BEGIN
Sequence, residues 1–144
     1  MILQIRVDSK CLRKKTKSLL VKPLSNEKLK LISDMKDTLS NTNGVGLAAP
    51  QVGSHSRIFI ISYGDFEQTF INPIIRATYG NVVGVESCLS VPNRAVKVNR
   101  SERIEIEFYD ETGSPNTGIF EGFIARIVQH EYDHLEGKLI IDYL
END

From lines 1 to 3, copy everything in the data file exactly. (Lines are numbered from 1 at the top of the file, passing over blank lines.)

Sequence, residues 1–144
     1  MILQIRVDSK CLRKKTKSLL VKPLSNEKLK LISDMKDTLS NTNGVGLAAP
    51  QVGSHSRIFI ISYGDFEQTF INPIIRATYG NVVGVESCLS VPNRAVKVNR